October 02, 2019

The Gut Microbiome: What It Is & Why It Matters

If 2018 was the year of intermittent fasting and CBD-infused everything, then 2019 is the year of gut health and the gut microbiome.

That’s right—bacteria are stealing the limelight this year! And for good reason: our bodies contain 100 trillion bacteria (known as the microbiome), meaning we are composed of more bacteria than cells (1). Many of these bacteria reside in our gut, and are sometimes referred to as the gut microbiota (2).

Bacteria might not sound like a good thing (food poisoning, anyone?), but these buggers are vital to our health. Here at GEM, we’re passionate about helping women live their happiest, healthiest lives, so read along to learn more about the gut microbiome and how to nurture a healthy gut.

Gut Health: Just a Fad or Here to Stay?

2019 might be coming to a close, but the conversation around gut health has no end in sight. In fact, the gut microbiome is so important to our health, many functional medicine doctors—such as best-selling author, Dr. Mark Hyman—begin treating their patients’ chronic health problems by healing the gut (3).

The most obvious signs of an out-of-balance gut are frequent gas, bloating, constipation and/or loose stools; however, research has linked poor gut health to obesity, diabetes, autoimmunity, depression, cancer, heart disease, fibromyalgia, eczema, asthma, and more (3) (4). 

Suffer from seasonal allergies or food sensitivities? Turns out, this could be a sign that your gut is in need of some serious TLC—an imbalance in the gut microbiome affects the entire immune system, allowing allergies to flare up. Additionally, a disruption in the gut microbiome can lead to increased permeability of the gut, i.e. Leaky Gut Syndrome. In essence, increased gut permeability allows large proteins to cross the gut lining and enter the bloodstream. These proteins are viewed by the body as invaders, causing an immune response and nasty, allergy-like symptoms (5). In fact, many suspected food intolerances and allergies are really just signs of a leaky gut!

Dear Bacteria, Let’s Be Friends

If you resonate with any of the above symptoms, then I’m sure you’re wondering “What can I do?” Have no fear, GEM is here to offer a few manageable, science-backed tips to get your microbiome in tip-top shape.

First on the agenda is to foster gut microbiome diversity. Although antibiotics have many beneficial uses (bye, bye strep!), they can wreak serious havoc on your gut—antibiotics not only target illness-causing pathogens, but also kill the beneficial microbes living within our gut. In fact, one round of antibiotics can decrease microbiome diversity by thirty-percent (6)! Always consult with your doctor first, but if you need to use antibiotics, be sure to supplement with a high-quality probiotic. Look for a multi-strain probiotic with at least 10 billion CFUs (colony forming units) and a capsule that is pH resistant (7).

While limiting antibiotics and incorporating probiotics is important, research has shown that our diet has the largest effect on gut microbiome diversity (8). Probiotics might get most of the attention, but prebiotics are equally as important. Prebiotic fibers—which are found in plant-based foods such as beans, bananas, apple peels, onions and garlic—feed and diversify the good bacteria in our gut, and can even help reverse a leaky gut (9). Conversely, a diet high in meat, eggs and dairy helps bad bacteria proliferate (including those associated with Chrohn’s and ulcerative colitis) and decreases beneficial bacteria—yikes (9)! The take-away? Eat plants, plants, and more plants!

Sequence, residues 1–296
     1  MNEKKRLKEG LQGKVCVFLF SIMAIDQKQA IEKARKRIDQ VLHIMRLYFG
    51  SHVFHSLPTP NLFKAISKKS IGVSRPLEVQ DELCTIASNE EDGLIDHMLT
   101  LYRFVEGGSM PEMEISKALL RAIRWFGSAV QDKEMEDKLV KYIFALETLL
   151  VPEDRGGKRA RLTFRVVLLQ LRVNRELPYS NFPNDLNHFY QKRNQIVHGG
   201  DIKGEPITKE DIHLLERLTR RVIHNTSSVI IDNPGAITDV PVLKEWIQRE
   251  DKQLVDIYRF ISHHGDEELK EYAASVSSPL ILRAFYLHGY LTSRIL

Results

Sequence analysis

Feed the good bacteria, not the bad! One of the best ways to deal with gut imbalance is through a clean, whole-foods diet that incorporates naturally probiotic-rich foods (think fermented foods such as kimchi and sauerkraut). Certain foods—such as refined sugar, gluten, GMOs, factory-farmed meats and conventional dairy—all feed yucky yeast and bad bacteria, and should be eliminated (4). GEM is completely free from these gut-harming culprits, making it a fantastic addition to a gut-healing protocol.

Supplement with intention. The majority of Americans are deficient in anti-inflammatory omega 3s, and consume an excess of inflammatory omega 6s. Apart from its role in reducing inflammation, research shows that omega 3 fatty acids can help encourage healthy gut bacteria. Each of our GEM bites contains 100mg of omega 3s, sourced from gut-friendly chia and pumpkin seeds.

The above tips are great first-steps to encourage a healthy gut microbiome and reduce inflammation. A functioning gut microbiome is essential to health, so never ignore symptoms of gut dysbiosis, and always work with your doctor when necessary.


1. https://www.mindbodygreen.com/articles/23-gut-friendly-foods-that-are-great-for-natural-weight-loss

2. https://www.mindful.org/meet-your-second-brain-the-gut/

3. https://thechalkboardmag.com/7-diet-changes-to-improve-gut-health-for-life

4. https://thechalkboardmag.com/3-simplest-steps-healthy-gut-dr-lipman

5. https://chriskresser.com/got-allergies-your-microbes-could-be-responsible/

6. https://www.viome.com/blog/secret-healthy-gut-microbiome-diversity-diversity-diversity

7. https://www.thecandidadiet.com/probiotics-while-on-antibiotics/

8. https://www.ncbi.nlm.nih.gov/pmc/articles/PMC4405705/

9. https://www.mindbodygreen.com/articles/carnivore-diet-and-gut-health

Photo by Jamie Street on Unsplash

This article is based on scientific research and/or other scientific articles and contains trusted sources.

Our goal at GEM is to give readers up-to-date and objective information on health-related topics. GEM content is written by experienced health and lifestyle contributors and articles undergo an extensive review process.

All references are hyperlinked at the end of the article to take readers directly to the source.